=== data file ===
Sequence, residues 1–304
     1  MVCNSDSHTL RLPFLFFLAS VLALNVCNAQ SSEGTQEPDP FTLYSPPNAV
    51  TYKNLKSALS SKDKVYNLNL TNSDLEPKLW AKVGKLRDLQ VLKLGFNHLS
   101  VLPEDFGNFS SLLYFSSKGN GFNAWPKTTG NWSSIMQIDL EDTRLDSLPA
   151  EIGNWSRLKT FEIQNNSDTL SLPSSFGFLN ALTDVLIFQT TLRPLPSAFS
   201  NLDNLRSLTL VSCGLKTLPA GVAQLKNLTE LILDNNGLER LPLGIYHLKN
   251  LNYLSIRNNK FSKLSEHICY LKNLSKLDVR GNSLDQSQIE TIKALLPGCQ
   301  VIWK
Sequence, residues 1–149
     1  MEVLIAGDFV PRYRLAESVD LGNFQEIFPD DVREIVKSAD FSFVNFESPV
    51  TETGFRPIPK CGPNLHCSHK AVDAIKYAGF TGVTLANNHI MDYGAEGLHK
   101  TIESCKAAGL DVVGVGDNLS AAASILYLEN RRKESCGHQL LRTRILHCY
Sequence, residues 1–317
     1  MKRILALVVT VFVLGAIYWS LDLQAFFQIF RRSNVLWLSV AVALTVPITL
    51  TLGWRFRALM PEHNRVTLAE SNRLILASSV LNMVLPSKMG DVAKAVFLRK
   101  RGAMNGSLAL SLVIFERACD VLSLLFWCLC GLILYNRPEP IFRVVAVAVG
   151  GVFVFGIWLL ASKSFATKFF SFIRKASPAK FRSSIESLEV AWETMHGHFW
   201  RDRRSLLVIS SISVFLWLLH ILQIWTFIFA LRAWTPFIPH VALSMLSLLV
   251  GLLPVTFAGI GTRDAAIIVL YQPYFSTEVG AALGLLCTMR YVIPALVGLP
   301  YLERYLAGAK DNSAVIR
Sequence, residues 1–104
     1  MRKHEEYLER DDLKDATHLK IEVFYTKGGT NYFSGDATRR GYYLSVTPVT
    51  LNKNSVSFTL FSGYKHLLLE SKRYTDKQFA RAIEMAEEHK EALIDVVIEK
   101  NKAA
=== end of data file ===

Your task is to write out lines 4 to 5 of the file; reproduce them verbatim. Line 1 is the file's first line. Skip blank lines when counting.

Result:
   101  VLPEDFGNFS SLLYFSSKGN GFNAWPKTTG NWSSIMQIDL EDTRLDSLPA
   151  EIGNWSRLKT FEIQNNSDTL SLPSSFGFLN ALTDVLIFQT TLRPLPSAFS